Look for firm, glossy, smooth skinned peppers that are heavy for their size. They should not have any soft spots, wrinkling or punctures or holes. Green bell peppers are usually the immature fruit and have a sharper flavor (not hot) while the more mature fruit (red, yellow, chocolate) have a sweeter, more mild flavor.
Store peppers in the refrigerator in a plastic bag for about a week. Green peppers will store longer than more fully matured peppers. Once cut, they will spoil more quickly so store in the refrigerator and use up within a couple of days.
Wash peppers with running water and then the stems, ribs and seeds need to be removed. If preparing whole, as for stuffing, cut around the stem at the top and pull out. Pull out any large ribs with your fingers and rinse out any seeds. If you are going to cut up the pepper, you can cut it in half and remove the parts with a knife or you can cut down each side of the stem, removing the “cheeks” and then trim any ribs with a knife.
The edible parts are the walls of the peppers.
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Sweet peppers are fun to use in dishes because they add a pop of color, especially the red and orange ones.
Peppers are a part of “the trinity”, chopped onion, celery and peppers, which is used as a flavor base for many soups, stews, braises and sauces.
Peppers can be sautéed with other vegetables and/or proteins. This is the basis for dishes such as pepper steak, fajitas, sausages with onions and peppers or pasta with peppers.
They also make a good flavor addition to stir fried vegetables and dishes such as sweet and sour chicken.
Peppers are great for stuffing and baking. You can use rice or pasta mixtures or bread cube and meat mixtures.
Add peppers to kebab skewers to grill.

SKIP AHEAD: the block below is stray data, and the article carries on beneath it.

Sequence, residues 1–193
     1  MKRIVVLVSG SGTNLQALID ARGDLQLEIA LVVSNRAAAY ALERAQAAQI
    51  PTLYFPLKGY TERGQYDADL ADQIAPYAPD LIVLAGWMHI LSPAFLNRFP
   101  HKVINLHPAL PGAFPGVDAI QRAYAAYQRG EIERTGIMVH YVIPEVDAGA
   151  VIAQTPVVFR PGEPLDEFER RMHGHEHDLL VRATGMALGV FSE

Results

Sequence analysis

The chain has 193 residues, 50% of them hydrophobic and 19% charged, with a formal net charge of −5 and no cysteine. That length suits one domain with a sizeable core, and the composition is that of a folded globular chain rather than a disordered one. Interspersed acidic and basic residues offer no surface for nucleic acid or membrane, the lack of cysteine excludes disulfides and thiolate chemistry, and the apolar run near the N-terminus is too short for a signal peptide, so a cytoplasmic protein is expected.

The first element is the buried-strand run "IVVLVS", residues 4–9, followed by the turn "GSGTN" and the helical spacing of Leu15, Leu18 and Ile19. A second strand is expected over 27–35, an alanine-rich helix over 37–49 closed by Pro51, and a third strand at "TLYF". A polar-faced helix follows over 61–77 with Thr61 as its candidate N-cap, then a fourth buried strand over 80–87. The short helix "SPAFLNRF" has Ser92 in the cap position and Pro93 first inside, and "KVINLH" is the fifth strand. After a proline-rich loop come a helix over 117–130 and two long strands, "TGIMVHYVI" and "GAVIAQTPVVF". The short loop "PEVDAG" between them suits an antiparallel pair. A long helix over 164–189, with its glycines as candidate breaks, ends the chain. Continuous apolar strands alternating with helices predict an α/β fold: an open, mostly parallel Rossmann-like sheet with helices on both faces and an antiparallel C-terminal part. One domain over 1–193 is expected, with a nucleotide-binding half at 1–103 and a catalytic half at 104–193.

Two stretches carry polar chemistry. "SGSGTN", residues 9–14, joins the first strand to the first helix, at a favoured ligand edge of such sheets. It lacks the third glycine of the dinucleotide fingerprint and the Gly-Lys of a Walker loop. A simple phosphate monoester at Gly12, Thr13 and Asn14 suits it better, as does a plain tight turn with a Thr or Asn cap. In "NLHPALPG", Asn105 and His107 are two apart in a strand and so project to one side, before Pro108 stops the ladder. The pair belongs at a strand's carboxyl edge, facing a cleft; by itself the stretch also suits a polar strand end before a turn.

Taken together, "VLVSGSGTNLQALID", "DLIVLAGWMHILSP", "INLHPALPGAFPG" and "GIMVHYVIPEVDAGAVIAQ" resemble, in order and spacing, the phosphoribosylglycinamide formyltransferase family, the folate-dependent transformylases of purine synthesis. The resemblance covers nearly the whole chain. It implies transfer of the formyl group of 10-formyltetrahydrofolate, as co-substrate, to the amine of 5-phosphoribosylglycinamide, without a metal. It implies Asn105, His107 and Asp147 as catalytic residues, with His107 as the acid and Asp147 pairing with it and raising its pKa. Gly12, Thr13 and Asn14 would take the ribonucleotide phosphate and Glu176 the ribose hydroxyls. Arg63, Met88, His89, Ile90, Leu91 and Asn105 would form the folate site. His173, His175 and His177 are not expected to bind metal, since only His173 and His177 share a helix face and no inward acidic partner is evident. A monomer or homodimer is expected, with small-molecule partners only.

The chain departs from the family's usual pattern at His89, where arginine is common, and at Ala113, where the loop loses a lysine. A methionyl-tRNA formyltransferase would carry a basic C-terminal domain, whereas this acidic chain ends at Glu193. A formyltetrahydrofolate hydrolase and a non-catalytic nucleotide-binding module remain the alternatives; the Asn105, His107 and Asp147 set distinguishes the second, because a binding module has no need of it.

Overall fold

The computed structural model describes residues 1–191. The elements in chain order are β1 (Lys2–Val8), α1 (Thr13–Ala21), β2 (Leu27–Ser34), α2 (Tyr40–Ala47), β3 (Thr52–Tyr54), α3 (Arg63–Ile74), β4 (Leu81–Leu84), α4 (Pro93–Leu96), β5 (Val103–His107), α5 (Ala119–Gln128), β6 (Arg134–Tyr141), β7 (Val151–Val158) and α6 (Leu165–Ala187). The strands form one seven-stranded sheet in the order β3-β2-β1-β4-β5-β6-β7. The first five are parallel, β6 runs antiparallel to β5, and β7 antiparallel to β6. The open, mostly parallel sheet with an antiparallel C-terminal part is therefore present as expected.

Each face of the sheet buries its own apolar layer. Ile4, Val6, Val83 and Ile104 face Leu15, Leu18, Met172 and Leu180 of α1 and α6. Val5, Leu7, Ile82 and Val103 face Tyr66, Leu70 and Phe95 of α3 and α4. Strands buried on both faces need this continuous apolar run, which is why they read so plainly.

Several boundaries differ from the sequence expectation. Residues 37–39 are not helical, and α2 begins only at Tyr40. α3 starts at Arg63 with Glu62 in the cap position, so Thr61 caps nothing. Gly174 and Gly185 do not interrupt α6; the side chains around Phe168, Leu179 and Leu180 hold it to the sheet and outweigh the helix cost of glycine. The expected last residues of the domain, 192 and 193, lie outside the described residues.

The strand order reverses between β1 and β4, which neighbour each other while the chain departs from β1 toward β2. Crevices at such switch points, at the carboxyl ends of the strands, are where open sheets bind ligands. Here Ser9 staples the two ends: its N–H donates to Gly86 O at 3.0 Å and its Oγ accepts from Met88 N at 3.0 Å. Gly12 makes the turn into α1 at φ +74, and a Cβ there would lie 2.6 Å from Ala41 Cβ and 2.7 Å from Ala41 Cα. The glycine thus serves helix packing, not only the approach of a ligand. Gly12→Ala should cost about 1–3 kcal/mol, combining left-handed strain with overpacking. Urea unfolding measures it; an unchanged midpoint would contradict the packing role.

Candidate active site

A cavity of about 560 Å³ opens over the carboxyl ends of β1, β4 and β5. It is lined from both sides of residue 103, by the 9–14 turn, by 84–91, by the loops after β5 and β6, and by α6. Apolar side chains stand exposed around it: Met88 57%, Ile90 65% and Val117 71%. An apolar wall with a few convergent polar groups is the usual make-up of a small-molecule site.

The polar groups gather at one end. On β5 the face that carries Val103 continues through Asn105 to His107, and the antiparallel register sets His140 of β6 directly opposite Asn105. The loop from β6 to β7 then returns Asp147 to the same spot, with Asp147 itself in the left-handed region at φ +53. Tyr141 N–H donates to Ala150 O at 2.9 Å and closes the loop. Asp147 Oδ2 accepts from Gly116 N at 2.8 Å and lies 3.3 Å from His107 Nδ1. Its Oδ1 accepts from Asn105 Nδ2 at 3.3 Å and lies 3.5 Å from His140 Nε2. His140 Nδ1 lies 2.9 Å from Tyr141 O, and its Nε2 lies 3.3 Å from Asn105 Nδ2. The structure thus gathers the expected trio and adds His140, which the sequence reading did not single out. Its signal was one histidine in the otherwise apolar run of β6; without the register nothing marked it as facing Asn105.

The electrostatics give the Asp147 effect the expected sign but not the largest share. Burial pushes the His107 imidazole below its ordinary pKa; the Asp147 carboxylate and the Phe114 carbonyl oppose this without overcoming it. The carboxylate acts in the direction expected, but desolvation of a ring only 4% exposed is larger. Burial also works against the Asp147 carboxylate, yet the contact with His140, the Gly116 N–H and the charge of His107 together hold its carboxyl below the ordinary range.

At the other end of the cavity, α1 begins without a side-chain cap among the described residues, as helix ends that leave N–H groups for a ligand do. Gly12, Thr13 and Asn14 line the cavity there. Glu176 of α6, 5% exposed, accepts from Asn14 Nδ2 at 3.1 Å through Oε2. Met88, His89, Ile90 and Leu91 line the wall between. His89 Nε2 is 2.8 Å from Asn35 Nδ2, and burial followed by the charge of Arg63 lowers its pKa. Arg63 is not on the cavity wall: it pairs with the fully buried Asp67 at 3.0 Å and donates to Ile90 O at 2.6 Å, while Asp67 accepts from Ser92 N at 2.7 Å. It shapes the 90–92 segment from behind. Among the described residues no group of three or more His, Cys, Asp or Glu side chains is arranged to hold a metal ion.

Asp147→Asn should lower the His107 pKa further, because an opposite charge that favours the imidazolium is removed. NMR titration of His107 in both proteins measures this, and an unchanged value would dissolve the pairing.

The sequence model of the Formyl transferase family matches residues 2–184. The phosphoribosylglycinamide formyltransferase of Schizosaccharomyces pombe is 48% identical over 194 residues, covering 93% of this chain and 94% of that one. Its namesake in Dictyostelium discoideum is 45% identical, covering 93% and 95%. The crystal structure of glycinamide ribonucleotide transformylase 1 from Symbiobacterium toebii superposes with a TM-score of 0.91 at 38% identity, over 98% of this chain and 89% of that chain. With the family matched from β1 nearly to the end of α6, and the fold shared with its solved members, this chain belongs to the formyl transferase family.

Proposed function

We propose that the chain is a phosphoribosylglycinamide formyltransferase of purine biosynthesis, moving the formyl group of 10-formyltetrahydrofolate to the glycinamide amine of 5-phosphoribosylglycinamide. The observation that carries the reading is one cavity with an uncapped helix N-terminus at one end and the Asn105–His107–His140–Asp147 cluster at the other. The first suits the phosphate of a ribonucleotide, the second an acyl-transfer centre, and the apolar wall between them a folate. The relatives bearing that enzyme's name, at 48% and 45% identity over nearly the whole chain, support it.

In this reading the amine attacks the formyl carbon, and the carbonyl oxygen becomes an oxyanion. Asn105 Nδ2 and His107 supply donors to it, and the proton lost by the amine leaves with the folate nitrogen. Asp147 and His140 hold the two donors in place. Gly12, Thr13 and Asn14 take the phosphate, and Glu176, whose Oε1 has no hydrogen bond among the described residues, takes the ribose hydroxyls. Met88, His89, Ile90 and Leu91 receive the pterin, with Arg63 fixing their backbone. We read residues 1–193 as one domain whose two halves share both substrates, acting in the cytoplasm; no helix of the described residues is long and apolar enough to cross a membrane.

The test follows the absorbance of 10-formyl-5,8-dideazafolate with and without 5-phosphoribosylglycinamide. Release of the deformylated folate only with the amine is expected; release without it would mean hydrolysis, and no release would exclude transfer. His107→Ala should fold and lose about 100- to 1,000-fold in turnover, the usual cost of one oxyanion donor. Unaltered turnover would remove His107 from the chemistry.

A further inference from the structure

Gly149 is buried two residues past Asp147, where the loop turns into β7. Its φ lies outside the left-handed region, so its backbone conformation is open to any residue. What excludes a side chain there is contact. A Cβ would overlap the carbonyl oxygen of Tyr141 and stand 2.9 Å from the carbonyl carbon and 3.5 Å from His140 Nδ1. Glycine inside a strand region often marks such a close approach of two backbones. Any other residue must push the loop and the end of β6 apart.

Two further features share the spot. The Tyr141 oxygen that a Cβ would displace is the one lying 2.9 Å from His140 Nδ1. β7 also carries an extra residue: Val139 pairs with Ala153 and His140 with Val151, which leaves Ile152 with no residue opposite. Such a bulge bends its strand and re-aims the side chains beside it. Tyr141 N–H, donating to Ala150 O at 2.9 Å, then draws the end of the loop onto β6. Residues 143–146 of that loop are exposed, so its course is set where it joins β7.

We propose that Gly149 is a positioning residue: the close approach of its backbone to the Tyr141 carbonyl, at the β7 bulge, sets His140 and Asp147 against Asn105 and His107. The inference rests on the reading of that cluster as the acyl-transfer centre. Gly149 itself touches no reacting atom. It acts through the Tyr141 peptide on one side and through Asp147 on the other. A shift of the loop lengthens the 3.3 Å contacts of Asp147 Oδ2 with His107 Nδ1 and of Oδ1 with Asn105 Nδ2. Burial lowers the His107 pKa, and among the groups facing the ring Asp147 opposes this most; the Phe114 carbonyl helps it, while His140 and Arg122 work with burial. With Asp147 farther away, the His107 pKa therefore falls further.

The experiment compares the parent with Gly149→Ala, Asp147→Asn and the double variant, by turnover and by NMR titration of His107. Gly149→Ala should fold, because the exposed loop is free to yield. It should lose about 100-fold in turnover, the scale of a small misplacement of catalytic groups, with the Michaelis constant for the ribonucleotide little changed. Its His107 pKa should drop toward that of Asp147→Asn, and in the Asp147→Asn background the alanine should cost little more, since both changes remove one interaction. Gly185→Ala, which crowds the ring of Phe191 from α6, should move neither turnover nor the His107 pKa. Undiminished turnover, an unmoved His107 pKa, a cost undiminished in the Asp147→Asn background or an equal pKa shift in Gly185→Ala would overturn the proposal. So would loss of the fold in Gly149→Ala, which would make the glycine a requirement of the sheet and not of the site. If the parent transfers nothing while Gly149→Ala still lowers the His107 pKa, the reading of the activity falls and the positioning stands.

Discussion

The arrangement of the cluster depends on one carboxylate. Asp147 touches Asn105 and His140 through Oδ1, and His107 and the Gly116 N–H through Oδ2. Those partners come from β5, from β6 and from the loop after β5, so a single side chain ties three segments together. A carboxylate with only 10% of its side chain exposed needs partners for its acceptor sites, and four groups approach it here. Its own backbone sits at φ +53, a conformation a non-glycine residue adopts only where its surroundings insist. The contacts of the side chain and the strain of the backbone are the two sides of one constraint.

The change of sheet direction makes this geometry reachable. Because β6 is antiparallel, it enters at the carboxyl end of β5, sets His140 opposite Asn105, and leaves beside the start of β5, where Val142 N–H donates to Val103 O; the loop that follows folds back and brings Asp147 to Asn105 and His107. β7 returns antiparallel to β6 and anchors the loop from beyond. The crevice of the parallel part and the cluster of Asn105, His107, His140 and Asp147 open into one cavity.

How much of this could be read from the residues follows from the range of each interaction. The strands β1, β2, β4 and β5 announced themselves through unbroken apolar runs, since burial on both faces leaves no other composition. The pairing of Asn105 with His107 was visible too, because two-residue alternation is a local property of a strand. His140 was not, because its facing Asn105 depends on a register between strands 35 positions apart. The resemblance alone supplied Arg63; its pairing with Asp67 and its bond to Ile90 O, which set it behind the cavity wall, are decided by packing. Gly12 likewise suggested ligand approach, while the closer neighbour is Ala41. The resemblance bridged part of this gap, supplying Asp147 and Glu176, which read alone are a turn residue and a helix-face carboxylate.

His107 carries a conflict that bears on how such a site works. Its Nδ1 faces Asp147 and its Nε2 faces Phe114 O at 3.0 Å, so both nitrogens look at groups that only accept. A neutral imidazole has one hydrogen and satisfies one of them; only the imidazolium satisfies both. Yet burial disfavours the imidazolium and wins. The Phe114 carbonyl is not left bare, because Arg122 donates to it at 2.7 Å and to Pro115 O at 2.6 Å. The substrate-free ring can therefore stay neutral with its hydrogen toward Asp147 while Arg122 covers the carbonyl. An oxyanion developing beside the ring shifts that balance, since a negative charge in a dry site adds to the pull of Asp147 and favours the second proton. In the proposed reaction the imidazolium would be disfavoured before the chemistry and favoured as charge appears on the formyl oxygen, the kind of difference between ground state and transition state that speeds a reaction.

Raw peppers are great additions to salads, pasta salads or vegetable trays, especially the mature ones which are sweeter.
They also are good in relishes like pepper relish and chow-chow.
Roasted peppers are a good addition to dips and sandwiches and can be pureed into a creamy soup. Broil the peppers until the skin blisters and turns black. Place in a bowl and cover with plastic wrap to steam for a few minutes and then rub the skin off with a paper towel.
Bell peppers come in many varieties and colors. They all start green but may turn purple, brown, black, white, orange, yellow or red as they more fully mature depending on the variety. Peppers can be three, four or five lobed and can vary in shape from short and blocky to more elongated. Sweet peppers also come in mini forms and long, narrow forms. (Just be sure to look for sweet on the label or ask the seller at the market to make sure they are sweet!) There are also other varieties of sweet peppers. These have a little more flavor/heat than bell peppers but are not hot like hot peppers/chiles/chili peppers. The sweet peppers include pimento, sweet banana, sweet cherry peppers and frying peppers like Cubanelle.
- Stir Frying